Glaucoma

  • Medical Author:
    Andrew A. Dahl, MD, FACS

    Andrew A. Dahl, MD, is a board-certified ophthalmologist. Dr. Dahl's educational background includes a BA with Honors and Distinction from Wesleyan University, Middletown, CT, and an MD from Cornell University, where he was selected for Alpha Omega Alpha, the national medical honor society. He had an internal medical internship at the New York Hospital/Cornell Medical Center.

  • Medical Editor: Melissa Conrad Stöppler, MD
    Melissa Conrad Stöppler, MD

    Melissa Conrad Stöppler, MD

    Melissa Conrad Stöppler, MD, is a U.S. board-certified Anatomic Pathologist with subspecialty training in the fields of Experimental and Molecular Pathology. Dr. Stöppler's educational background includes a BA with Highest Distinction from the University of Virginia and an MD from the University of North Carolina. She completed residency training in Anatomic Pathology at Georgetown University followed by subspecialty fellowship training in molecular diagnostics and experimental pathology.

  • Medical Editor: William C. Shiel Jr., MD, FACP, FACR
    William C. Shiel Jr., MD, FACP, FACR

    William C. Shiel Jr., MD, FACP, FACR

    Dr. Shiel received a Bachelor of Science degree with honors from the University of Notre Dame. There he was involved in research in radiation biology and received the Huisking Scholarship. After graduating from St. Louis University School of Medicine, he completed his Internal Medicine residency and Rheumatology fellowship at the University of California, Irvine. He is board-certified in Internal Medicine and Rheumatology.

View the Eye Diseases and Conditions Slideshow Pictures
Learn about glaucoma tests and types, and find out if you're at risk.

Glaucoma Test

Save Your Sight - Glaucoma Screening

Glaucoma is the term applied to a group of eye diseases that gradually result in loss of vision by permanently damaging the optic nerve, the nerve that transmits visual images to the brain. The leading cause of irreversible blindness, glaucoma often produces no symptoms until it is too late and vision loss has begun.


Picture of glaucoma

Quick GuideEye Problems Pictures Slideshow: Recognize These Common Eye Conditions

Eye Problems Pictures Slideshow: Recognize These Common Eye Conditions

Glaucoma facts

  • Glaucoma is a disease that is often associated with elevated intraocular pressure, in which damage to the eye (optic) nerve can lead to loss of vision and even blindness.
  • Glaucoma is the leading cause of irreversible blindness in the world.
  • Glaucoma usually causes no symptoms early in its course, at which time it can only be diagnosed by regular eye examinations (screenings with the frequency of examination based on age and the presence of other risk factors).
  • Intraocular pressure increases when either too much fluid is produced in the eye or the drainage or outflow channels (trabecular meshwork) of the eye become blocked.
  • While anyone can get glaucoma, some people are at greater risk.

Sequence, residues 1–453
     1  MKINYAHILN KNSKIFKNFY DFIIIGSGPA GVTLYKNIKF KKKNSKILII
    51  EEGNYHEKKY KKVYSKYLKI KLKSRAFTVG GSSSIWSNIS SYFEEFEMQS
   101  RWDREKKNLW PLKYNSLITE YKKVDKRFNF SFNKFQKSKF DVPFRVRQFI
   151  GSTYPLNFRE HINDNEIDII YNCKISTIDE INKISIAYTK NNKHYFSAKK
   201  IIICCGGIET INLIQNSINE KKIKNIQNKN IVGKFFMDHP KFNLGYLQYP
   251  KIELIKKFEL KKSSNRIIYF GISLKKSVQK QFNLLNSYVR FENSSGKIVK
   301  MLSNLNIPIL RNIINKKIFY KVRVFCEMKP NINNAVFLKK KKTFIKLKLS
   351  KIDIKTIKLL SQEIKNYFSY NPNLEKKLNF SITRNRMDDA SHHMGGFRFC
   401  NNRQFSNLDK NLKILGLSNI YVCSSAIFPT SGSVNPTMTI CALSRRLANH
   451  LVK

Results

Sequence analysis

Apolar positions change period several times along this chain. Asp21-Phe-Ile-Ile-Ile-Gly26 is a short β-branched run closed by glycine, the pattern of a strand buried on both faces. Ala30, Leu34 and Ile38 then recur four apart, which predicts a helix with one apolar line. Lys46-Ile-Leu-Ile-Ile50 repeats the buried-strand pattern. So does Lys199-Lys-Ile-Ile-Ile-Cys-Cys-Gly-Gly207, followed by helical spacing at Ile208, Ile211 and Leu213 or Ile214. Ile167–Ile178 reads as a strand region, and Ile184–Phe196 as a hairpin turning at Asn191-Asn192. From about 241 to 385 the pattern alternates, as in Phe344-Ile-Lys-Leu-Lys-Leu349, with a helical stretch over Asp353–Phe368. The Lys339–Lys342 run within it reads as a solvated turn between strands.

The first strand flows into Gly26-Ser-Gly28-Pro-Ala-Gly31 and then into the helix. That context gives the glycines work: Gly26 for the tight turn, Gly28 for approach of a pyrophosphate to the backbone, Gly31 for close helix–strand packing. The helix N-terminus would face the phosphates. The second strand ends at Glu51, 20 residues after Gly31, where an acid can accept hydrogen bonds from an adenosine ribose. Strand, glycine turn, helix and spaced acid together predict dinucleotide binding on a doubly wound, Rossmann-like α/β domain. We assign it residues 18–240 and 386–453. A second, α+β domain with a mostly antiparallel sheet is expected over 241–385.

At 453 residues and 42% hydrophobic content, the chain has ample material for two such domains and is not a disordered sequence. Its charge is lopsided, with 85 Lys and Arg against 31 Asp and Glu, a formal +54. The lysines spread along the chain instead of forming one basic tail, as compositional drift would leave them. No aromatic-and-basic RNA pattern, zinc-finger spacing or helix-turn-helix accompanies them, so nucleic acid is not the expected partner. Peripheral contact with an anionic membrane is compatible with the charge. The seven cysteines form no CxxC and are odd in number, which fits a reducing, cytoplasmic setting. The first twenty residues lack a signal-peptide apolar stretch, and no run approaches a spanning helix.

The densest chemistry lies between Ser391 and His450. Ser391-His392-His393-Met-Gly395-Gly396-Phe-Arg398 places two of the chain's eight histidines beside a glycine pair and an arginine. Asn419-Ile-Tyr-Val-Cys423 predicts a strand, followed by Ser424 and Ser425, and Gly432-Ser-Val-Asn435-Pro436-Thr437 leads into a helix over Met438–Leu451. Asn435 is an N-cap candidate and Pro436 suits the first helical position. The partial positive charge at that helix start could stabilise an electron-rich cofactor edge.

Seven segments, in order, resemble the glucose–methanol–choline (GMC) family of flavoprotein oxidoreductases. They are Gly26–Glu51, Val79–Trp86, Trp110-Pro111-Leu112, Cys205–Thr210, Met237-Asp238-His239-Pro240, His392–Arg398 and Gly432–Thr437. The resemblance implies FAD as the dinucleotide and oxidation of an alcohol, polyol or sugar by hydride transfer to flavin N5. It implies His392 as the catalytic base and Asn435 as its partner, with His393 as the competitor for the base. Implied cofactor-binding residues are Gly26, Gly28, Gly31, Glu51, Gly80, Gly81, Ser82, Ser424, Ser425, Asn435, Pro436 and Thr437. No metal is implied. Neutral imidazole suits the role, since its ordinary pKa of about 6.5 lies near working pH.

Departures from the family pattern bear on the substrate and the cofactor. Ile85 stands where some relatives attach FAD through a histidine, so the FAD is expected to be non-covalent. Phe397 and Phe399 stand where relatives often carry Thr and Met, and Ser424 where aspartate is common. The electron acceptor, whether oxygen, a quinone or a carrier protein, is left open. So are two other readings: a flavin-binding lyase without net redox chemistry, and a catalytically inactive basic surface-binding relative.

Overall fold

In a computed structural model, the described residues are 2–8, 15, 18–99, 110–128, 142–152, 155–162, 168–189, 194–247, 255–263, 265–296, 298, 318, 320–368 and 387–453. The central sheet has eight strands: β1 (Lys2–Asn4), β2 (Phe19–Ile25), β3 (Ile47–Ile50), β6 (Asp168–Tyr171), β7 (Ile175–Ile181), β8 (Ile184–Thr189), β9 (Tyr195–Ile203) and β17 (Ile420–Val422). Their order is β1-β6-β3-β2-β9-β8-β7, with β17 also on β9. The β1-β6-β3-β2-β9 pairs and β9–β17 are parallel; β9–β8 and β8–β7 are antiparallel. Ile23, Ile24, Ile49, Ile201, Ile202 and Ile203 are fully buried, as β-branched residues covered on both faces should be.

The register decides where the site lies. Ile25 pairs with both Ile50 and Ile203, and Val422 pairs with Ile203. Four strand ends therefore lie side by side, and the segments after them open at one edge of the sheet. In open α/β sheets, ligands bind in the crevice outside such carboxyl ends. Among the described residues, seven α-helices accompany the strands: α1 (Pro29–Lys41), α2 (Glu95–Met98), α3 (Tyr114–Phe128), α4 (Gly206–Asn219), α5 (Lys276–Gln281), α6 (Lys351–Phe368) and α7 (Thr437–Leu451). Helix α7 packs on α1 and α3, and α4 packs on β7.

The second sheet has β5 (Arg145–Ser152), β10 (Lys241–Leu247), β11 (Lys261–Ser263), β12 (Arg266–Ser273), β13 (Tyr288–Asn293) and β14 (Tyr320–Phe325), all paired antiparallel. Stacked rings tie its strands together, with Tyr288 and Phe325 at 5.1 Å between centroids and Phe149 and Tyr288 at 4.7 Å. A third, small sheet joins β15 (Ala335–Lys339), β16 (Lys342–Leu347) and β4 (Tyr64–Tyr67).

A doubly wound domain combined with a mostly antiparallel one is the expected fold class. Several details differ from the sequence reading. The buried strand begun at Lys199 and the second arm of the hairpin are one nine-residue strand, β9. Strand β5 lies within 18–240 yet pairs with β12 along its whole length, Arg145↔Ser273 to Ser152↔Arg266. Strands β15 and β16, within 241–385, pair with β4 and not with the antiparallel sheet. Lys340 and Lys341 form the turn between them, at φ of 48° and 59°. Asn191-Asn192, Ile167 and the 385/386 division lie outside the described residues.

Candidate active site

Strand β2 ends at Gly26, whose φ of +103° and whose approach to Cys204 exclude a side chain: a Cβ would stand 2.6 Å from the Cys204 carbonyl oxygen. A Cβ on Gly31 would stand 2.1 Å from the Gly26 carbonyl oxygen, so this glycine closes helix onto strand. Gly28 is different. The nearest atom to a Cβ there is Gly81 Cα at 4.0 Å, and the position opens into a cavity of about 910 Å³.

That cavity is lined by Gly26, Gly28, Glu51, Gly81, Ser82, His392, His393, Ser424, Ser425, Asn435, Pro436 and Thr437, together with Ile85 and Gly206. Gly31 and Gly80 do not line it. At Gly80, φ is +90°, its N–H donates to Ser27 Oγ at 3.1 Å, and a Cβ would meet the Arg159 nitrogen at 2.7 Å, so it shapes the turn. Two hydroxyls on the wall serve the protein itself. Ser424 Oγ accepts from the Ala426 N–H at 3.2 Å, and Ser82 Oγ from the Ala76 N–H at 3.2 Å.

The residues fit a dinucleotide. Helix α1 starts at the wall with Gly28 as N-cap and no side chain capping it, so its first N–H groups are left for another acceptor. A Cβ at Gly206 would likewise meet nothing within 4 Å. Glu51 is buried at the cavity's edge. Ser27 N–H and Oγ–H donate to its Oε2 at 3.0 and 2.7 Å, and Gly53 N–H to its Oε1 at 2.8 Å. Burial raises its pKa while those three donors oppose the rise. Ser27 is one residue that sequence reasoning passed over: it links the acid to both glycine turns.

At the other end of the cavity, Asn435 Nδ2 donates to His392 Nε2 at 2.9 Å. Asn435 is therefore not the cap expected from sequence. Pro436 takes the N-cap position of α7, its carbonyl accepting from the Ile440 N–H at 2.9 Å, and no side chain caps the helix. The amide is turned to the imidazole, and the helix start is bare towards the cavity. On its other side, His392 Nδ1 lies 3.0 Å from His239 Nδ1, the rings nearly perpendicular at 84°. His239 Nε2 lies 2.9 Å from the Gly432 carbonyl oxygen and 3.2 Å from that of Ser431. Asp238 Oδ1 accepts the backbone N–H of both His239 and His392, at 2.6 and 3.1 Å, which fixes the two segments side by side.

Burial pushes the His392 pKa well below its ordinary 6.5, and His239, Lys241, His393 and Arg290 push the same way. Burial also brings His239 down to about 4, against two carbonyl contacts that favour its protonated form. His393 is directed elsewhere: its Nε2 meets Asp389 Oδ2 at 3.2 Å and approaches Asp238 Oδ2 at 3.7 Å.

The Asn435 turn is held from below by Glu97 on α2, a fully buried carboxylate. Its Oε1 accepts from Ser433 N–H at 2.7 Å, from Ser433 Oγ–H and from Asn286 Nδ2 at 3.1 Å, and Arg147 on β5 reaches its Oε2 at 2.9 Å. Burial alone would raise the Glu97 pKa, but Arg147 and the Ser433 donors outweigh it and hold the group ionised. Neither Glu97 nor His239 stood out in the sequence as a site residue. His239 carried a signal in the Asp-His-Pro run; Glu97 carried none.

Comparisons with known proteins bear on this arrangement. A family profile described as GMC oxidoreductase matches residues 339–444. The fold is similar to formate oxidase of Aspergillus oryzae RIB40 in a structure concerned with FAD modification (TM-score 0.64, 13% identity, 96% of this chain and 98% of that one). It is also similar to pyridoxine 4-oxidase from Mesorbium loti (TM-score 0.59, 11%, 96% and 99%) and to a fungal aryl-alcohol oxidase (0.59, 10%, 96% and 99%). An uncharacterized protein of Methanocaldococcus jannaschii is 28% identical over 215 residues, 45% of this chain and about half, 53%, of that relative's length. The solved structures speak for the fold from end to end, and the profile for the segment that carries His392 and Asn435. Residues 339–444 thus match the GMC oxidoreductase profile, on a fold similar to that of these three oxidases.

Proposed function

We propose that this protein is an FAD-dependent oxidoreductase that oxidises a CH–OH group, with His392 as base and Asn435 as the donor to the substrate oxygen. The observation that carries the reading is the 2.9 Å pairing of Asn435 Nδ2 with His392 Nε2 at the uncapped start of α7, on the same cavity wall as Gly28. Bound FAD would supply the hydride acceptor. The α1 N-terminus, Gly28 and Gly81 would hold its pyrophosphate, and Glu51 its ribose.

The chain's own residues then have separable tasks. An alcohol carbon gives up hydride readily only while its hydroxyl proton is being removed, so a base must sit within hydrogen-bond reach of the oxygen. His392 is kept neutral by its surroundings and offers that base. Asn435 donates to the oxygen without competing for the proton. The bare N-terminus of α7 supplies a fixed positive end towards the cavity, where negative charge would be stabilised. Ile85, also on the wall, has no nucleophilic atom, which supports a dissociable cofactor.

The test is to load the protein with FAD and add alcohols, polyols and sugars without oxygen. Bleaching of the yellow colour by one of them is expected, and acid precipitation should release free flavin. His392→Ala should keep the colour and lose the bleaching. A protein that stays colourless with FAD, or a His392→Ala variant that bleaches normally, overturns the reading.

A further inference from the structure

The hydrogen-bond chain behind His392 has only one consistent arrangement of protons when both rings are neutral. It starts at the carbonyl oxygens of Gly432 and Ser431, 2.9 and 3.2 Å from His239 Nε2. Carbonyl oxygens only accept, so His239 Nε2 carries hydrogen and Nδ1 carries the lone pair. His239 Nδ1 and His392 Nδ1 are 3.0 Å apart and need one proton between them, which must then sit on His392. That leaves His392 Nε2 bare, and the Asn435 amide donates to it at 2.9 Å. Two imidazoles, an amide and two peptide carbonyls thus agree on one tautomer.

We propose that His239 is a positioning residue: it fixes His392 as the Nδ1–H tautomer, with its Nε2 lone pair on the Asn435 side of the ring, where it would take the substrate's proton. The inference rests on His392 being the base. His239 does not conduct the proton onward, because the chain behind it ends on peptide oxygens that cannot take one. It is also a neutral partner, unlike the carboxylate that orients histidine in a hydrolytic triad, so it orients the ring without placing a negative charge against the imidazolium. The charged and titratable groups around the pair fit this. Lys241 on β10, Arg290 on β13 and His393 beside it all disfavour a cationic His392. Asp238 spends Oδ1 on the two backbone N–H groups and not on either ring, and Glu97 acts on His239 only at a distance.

• The two main types of glaucoma are open-angle glaucoma, which has several variants and is a long duration (chronic) condition, and angle-closure glaucoma, which may be either a sudden (acute) condition or a chronic disease.
  • Damage to the optic nerve and impairment of vision from glaucoma are irreversible.
  • Several painless tests that determine the intraocular pressure, the status of the optic nerve and drainage angle, and visual fields are used to diagnose the presence of glaucoma and monitor its progression.
  • Glaucoma is usually treated with eyedrops, although lasers and surgery can also be used. Most cases can be controlled well with these treatments, thereby preventing further loss of vision.
  • Much research into the causes and treatment of glaucoma is being carried out throughout the world.
  • Early diagnosis and treatment are key to preserving sight in people with glaucoma.

What is glaucoma?

Glaucoma is a disease of the major nerve of vision, called the optic nerve. The optic nerve receives light-generated nerve impulses from the retina and transmits these to the brain, where we recognize those electrical signals as vision. Glaucoma is characterized by a particular pattern of progressive damage to the optic nerve that generally begins with a subtle loss of side vision (peripheral vision). If glaucoma is not diagnosed and treated, it can progress to loss of central vision and blindness.

Glaucoma is usually, but not always, associated with elevated pressure in the eye (intraocular pressure). Generally, it is this elevated eye pressure that leads to damage of the eye (optic) nerve. In some cases, glaucoma may occur in the presence of normal eye pressure. This form of glaucoma is believed to be caused by poor regulation of blood flow to the optic nerve.

Medically Reviewed by a Doctor on 9/23/2015

Subscribe to MedicineNet's Newsletters

Get the latest health and medical information delivered direct to your inbox!

By clicking Submit, I agree to the MedicineNet's Terms & Conditions & Privacy Policy and understand that I may opt out of MedicineNet's subscriptions at any time.

VIEW PATIENT COMMENTS
  • Glaucoma - Effective Treatments

    What kinds of treatments have been effective for your glaucoma?

    Post View 17 Comments
  • Glaucoma - Risk Factors

    Did you or a relative have any of the risk factors for glaucoma when diagnosed? If so, what were they?

    Post
  • Glaucoma - Symptoms

    Describe the signs and symptoms associated with glaucoma in you, a friend, or relative.

    Post View 4 Comments
  • Glaucoma - Diagnosis

    What tests or exams led to a diagnosis of glaucoma?

    Post
  • Glaucoma - Surgery Experience

    Please share your experience with surgery for glaucoma. Was this for you or a relative?

    Post View 3 Comments

Health Solutions From Our Sponsors